Double, Dual + Joint Degrees

At UW–Madison it is possible to simultaneously pursue two graduate degree programs. Graduate School policy allows some “double counting” of course work, but no more than one-fourth of the credits being offered in the requirements of one Master’s degree can be used for the requirements of any other Master’s level degree. In addition, these special arrangements have been developed in the Graduate School for double degrees:

  1. Public Affairs and International Public Affairs (administered by the LaFollette School of Public Affairs, Observatory Hill Office Building, University of Wisconsin–Madison, Madison, WI 53706)
  2. Water Resources Management (administered by the Water Resources Management Program, Institute for Environmental Studies, 70 Science Hall, University of Wisconsin–Madison, Madison, WI 53706)
  3. Energy Analysis and Policy (EAP) is graduate-level certificate that can be completed by students in nearly any graduate program at UW–Madison, usually without adding time or cost to their graduate degree program. MS URPL students can fill their concentration and elective credits with EAP courses. EAP’s interdisciplinary curriculum gives students the knowledge and skills needed to become leaders in industry, government, consulting, non-profits, and other roles in the energy field. EAP’s interdisciplinary curriculum considers scientific, technical, economic, political, and social factors that shape energy policy formulation and decision-making. It examines topics in energy resources, market structures, public utilities, technology, linkages to the environment, demand for energy services, and public policy. Every EAP student also gains experience in designing, conducting, and communicating analysis for real-world clients in the energy sector.Applicants to EAP should have completed at least one college-level course in each of the following subjects:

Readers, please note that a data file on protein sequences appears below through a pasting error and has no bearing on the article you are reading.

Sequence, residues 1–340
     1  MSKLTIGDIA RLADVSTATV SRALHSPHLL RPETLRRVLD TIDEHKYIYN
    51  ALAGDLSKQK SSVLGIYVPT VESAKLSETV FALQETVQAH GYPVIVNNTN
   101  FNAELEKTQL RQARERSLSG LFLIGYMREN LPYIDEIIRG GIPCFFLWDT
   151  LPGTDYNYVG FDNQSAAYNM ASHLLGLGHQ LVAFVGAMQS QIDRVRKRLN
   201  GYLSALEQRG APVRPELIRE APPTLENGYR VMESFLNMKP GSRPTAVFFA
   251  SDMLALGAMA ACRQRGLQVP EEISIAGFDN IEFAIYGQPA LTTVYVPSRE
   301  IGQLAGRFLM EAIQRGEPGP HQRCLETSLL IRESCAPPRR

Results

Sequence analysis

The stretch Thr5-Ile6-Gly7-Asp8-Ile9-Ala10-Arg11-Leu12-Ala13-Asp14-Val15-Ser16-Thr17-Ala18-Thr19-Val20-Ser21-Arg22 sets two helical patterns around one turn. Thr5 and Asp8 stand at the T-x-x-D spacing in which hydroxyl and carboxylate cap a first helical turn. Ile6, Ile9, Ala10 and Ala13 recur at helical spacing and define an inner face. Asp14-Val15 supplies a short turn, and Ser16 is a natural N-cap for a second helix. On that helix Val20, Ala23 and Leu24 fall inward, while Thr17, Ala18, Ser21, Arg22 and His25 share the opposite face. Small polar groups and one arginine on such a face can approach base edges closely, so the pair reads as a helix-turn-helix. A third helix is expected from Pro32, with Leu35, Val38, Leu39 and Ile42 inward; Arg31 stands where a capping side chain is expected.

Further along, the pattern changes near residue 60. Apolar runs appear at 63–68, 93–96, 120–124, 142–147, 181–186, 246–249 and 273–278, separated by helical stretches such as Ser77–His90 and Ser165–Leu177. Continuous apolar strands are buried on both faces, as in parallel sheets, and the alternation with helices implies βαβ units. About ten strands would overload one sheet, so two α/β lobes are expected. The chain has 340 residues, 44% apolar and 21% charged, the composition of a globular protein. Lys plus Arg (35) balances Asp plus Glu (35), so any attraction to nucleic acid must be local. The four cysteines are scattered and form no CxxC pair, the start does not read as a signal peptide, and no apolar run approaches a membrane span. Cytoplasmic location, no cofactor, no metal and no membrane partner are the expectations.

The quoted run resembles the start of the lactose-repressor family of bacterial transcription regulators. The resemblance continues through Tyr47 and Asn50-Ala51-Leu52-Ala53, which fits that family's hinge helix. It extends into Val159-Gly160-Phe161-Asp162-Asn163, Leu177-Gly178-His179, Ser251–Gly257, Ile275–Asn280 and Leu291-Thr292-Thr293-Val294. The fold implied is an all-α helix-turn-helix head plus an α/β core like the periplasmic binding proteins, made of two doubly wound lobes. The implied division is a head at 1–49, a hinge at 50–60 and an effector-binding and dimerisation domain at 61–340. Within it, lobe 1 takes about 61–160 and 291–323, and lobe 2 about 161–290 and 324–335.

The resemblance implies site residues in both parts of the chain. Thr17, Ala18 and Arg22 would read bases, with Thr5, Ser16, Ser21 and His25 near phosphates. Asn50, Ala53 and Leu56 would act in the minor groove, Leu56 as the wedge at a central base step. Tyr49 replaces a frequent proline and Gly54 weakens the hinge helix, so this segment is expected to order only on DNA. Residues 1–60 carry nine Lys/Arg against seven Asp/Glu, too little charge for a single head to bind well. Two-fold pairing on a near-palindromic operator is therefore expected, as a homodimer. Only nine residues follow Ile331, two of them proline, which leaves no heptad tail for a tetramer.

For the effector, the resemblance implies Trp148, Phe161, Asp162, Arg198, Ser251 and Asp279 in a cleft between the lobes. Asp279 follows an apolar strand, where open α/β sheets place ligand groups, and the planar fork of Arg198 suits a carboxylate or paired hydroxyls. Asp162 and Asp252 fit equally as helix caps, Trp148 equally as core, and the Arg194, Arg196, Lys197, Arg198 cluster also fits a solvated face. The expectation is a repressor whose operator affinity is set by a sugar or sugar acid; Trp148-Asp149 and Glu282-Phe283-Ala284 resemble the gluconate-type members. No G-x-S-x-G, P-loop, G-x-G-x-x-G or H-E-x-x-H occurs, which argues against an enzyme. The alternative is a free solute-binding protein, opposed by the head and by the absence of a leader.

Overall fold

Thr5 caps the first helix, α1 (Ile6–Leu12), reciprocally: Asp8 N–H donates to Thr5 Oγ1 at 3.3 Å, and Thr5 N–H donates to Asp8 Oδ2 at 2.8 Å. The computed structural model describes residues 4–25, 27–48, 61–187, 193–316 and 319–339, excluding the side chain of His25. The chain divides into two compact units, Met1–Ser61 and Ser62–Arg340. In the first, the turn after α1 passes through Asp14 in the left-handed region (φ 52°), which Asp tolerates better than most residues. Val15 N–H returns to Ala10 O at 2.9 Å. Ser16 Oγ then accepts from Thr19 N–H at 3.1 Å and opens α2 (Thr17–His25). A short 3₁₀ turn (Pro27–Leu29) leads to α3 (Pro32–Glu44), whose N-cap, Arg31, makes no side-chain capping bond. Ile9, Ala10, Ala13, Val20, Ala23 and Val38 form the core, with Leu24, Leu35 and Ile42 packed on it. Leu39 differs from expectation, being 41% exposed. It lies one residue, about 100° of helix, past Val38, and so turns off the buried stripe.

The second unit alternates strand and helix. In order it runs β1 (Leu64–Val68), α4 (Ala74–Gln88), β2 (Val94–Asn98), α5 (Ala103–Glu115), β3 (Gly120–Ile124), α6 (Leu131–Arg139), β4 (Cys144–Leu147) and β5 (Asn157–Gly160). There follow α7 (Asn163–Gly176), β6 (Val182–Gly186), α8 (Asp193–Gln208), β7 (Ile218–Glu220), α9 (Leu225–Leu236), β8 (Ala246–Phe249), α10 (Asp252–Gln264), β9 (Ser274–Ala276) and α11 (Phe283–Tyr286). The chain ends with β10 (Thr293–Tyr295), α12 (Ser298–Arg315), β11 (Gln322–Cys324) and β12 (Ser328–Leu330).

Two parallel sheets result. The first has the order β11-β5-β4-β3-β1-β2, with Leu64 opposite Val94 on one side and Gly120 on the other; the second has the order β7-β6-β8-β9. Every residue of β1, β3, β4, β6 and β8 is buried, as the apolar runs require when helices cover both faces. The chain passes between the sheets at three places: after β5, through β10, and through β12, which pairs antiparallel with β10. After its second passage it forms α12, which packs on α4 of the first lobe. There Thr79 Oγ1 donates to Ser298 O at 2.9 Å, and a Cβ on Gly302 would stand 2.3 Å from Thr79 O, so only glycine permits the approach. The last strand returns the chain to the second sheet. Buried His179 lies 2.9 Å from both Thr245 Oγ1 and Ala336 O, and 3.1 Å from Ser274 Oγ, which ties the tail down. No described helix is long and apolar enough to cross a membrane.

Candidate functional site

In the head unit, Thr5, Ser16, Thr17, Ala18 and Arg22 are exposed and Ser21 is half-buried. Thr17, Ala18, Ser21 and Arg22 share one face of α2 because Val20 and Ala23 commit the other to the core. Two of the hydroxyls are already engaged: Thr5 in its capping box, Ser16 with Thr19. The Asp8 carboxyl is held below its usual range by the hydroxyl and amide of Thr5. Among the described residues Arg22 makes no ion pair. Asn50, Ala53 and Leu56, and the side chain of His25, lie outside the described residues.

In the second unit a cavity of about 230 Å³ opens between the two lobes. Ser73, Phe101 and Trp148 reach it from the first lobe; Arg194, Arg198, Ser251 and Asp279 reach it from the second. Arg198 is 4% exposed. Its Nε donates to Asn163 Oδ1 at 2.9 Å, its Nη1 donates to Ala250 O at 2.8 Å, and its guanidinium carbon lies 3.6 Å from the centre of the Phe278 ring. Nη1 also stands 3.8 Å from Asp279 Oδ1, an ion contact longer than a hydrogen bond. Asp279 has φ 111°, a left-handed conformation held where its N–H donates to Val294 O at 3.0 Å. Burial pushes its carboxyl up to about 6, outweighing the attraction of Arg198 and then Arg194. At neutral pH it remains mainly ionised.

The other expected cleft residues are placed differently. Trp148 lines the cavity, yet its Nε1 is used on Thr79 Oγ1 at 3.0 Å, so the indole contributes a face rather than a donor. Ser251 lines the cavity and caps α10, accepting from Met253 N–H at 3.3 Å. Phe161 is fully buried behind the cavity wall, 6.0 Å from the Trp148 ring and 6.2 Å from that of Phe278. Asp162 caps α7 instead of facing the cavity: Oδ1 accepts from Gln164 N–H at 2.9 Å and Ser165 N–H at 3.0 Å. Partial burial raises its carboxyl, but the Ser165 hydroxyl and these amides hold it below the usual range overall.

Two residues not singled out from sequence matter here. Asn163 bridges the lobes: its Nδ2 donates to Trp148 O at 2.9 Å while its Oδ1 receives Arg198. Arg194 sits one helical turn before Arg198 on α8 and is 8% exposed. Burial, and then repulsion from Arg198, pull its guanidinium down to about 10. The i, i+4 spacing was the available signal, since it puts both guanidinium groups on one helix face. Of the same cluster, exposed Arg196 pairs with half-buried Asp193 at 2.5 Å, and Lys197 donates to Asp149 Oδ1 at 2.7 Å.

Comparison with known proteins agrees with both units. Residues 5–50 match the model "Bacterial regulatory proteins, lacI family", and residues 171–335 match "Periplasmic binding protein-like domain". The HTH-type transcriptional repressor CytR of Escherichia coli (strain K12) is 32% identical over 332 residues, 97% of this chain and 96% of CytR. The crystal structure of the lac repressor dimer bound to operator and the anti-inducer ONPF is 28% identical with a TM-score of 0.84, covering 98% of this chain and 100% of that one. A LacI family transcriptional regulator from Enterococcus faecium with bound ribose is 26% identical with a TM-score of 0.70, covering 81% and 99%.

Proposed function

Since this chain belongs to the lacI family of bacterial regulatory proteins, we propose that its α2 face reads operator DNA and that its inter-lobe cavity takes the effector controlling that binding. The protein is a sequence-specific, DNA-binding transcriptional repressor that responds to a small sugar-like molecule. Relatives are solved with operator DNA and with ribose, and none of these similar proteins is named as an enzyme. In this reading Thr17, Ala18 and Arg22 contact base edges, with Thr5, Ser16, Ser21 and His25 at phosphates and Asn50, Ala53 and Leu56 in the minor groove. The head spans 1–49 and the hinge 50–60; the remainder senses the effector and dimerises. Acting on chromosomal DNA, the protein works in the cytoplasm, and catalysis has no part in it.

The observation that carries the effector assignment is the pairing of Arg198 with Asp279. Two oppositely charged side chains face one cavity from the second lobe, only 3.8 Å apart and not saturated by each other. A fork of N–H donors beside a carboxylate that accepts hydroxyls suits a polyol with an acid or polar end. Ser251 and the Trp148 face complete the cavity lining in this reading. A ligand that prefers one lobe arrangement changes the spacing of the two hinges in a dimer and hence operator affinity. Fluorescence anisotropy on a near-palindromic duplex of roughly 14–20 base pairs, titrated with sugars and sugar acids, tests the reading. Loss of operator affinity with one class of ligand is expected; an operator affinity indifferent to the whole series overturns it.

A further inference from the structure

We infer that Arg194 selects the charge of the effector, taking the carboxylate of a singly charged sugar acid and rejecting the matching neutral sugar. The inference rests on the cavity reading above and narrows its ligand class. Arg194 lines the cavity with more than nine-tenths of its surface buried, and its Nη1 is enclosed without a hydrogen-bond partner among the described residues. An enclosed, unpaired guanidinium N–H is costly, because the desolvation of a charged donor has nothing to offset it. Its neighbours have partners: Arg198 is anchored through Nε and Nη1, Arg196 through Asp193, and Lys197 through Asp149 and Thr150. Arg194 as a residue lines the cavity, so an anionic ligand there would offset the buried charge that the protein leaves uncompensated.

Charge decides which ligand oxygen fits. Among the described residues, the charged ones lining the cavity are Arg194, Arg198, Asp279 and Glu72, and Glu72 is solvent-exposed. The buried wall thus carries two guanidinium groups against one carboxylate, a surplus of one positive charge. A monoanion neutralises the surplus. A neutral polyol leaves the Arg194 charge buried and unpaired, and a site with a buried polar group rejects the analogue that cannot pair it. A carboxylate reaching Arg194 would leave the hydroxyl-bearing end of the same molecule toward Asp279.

• one college course in physical science (physics or chemistry)
    • one college course in natural science (biology, environmental, geology or atmospheric and oceanic)
    • one college course in economics
    • one additional course in social sciences or humanities
    • one college course in calculus or statistics

    Students lacking some of the prerequisites may be admitted to the program, and student applicants can work with the EAP program coordinator to develop a course plan to fulfill those prerequisites.

    Each EAP student who is accepted into the program must complete six courses (18 credits) including:

    • introductory seminar (EnvSt/URPL/PubAff 809)
    • one course each in four categories: energy policy, energy economics/business, energy technology, and environmental studies
    • capstone seminar (EnvSt/URPL/PubAff 810)

    By entering EAP early in their graduate studies and planning carefully, students often can select courses that satisfy both their degree programs and EAP requirements. For more information, visit

Interested students should consult with faculty in these programs areas, as well as with the Department of Planning and Landscape Architecture. See URPL Handbooks for more information on double degrees, as well as the Graduate School’s policies on doubledual, and joint degrees.